|Totem||Enkima - Nnakabugo|
|Akabbiro||Byenda (Offals), Kamukukulu (laughing dove), Katinti|
|Omubala Clan motto||Ow'enkima talya, talya nkima era talya dduma Ssenyenku twokye ennyama, Mugema bw'afa kudda mulala.......|
Ssebukyu, the man believed to be the grandfather of this clan came to Buganda with Kintu and was given a place called Malangala where he settled and was in charge of bachelors (Ssabawaali). He had two sons; Bwoya and Miyingo. When he grew old, he took his son Bwoya to Kintu in Nnono to carry on his duties. His second son re-located to Bunyoro in Kibulala where he had a son called Mulegeya. Mulegeya is believed to be the father of Katumba who rescued Kimera from death after he was born in very illegitimate circumstances.
Katumba became a favorite of King Kimera because he saved his life and when he became king, he gave him the Mugema title and head of the Nkima clan. (Mugema which means prevent in Luganda was given to him because he prevented the death of the very king Kimera).
On reaching Buganda from Bunyoro, Kimera made Mugemas children princes and were given big areas to govern. These children were Mwanga, Mmande, Jjumba and Kisambu. They controlled Bulemeezi, Kyaggwe and Mawokota.
The clan seat of Mugema is in Wambaale, Bbira in Busiro. Their official duties include adorning the king with bark-cloth on coronation day by Mugema himself. They adorned the king`s relics (oluwanga). Mwotassubi of the Nkima clan was in charge of the royal drum (Namulondo). Jjumba deputized Gabunga in taking care of the King`s canoes. They also had a spiritual duty to perform under god Mukasa. The nkima clansmen do not prostrate before the Kabaka because of their role in saving the life of Kabaka Kimera.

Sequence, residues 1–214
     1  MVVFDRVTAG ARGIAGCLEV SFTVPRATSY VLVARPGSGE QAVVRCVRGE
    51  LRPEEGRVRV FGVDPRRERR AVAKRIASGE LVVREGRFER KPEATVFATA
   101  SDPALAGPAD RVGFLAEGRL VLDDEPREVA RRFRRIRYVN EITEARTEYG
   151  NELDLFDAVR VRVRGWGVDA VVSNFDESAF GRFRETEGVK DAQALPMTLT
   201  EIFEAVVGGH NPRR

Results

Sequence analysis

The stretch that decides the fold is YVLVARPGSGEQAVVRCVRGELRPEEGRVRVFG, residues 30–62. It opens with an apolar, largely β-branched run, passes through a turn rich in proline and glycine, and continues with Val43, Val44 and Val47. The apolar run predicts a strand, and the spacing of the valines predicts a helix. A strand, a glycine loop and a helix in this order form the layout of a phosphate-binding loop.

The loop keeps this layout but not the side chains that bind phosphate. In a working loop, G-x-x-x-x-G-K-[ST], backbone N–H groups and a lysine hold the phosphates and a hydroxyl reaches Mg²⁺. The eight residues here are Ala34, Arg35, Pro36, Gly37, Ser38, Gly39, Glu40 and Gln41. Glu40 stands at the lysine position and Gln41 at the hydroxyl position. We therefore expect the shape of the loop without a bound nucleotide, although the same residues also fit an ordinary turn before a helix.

Mugogo, Wanzu, Sebukyu, Bwoya, Kiwagalo, Kituusibwa, Ssendagire, Tonkubalujwalo, Ssali, Kafeero, Lukwago, Mugerwa, Miyingo, Kiggundu, Nalumu, Mikka, Luyimbaazi, Tityaba, Kawuki, Ssewankambo, Luzze, Ssango, Wakigo, Mbogo, Kizimula, Kakumba, Kyeranyi, Mpalanyi, Nnabbamba, Nkoyooyo, Katulume, Luguza, Cucume, Tabajjwa, Bitalo, Nswali, Ssekibembe, Katumba, Mulegeya, Nkakaalukanyi, Ssewannonda, Waddimba, Ssegawa, Ssemukoteka, Ssekizinvu, Ssekintu, Kibwami, Mugwanya, Lukambuzi, Kibalama, Bisasso, Ssentongo, Malugge, Walulya, Nakabaale, Kikabi, Ssekitooleko, Muguja, Bbinnyo, Ddiba, Lule, Mukaku, Ssewambwa, Kyewussa, Bbandabalogo, Ssebina, Busagwa, Ssennyamantono, Sserubugo, Ssaku, Ssemukeete, Namatiti, Kazimba, Ssekamuli, Ssendiyi, Kirinnya, Ssebunza, Ssemukoteka, Kitindi, Sserukonge, Nkonge, Magumba, Bisittalo
Popular names for women:
Nammembwa, Nabukyu, Naluzze, Naluyinda, Nassali, Nakafeero, Nalukwago, Namuddu, Namuli, Nakanjako, Kalibakate, Nammande, Tenda, Nnampeera, Nabitalo, Byawunge, Monero, Ndyabuno, Baakanoga, Nakisaka, Ttiisa, Nakabiti, Wannyana, Nakabugo, Nanseera, Nakigudde, Nakaye, Nagawa, Nabikyalo, Ntongo, Nakibuuka, Nakibuule, Bambuuza, Namugenyi, Kairidde, Nseranyi, Nakazimba, Nabayiga, Nannyunja, Nampigi
A small white-nosed monkey with a blue face, white cheeks, grizzled brown back, outer limbs and a red tail. The female`s head and body measures between 34-48cm and weighs from1.8-4kg while the male`s head and body measures 48-52cm and its weight is 4.5-6kg. The tail is between 54-92 in both males and females.
Its main diet is fruit coupled with flowers, flower buds, leaves and leaf buds. A quarter of its diet is composed of insects. Besides fathering, dominant males protect family groups from predators.
They are not an endangered species.